Nepal eyes railway deal with China during Xi visit

The Chinese Presidentand Xi Jinping, right, met with Nepalese Prime Minister K.P. Sharma Oli, left, in Beijing in 2016. (File/AFP)
Updated 12 October 2019

Nepal eyes railway deal with China during Xi visit

  • Xi will be the first Chinese president to visit Nepal in 22 years
  • The rail link will be part of China’s Belt and Road Initiative

KATMANDU, Nepal: Chinese President Xi Jinping is due to arrive in Nepal on Saturday for talks with Prime Minister K.P. Sharma Oli and is expected to sign a deal expanding a railway link between the Himalayan nation and Tibet, officials said.
Xi will be the first Chinese president to visit Nepal in 22 years and will arrive from India, where he held talks with Prime Minister Narendra Modi. Landlocked Nepal, a natural buffer between India and China, has been trying to lessen its dependence on New Delhi.
The Chinese leader will meet Oli on Sunday and the two leaders are expected to sign a slew of deals, including the planned extension of the rail link from remote, mountainous Tibet to Nepal’s capital, Katmandu, officials said.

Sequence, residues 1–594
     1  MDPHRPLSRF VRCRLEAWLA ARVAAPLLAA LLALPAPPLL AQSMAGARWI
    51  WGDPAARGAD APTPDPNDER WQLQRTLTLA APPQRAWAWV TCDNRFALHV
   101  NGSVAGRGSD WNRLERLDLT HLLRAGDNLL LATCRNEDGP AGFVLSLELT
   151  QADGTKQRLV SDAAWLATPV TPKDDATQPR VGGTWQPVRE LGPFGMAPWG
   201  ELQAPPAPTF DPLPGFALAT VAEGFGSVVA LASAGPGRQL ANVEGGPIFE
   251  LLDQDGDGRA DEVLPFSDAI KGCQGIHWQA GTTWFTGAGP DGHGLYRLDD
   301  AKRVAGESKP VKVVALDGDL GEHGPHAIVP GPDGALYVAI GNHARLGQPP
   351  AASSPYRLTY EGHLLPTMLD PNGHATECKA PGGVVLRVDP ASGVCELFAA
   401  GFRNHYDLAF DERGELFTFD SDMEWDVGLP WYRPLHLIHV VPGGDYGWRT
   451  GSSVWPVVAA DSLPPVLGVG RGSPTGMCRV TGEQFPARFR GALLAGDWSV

The link will be part of China’s Belt and Road Initiative, Xi’s signature project that Nepal joined in 2017.
Rajan Bhattarai, one of Oli’s top aides, said a feasibility study of the plan had been conducted by Chinese experts.
“An agreement for the preparation of a detailed project report for the railway link is expected to be signed after the prime minister’s meeting with President Xi on Sunday,” Bhattarai told Reuters.
The report will contain cost estimates, with financing and construction models to be decided, officials said.
Nepal sees the rail link with China as an alternatve to its dependence on India. New Delhi accounts for nearly two-thirds of Nepal’s trade and is the sole source of its fuel supply.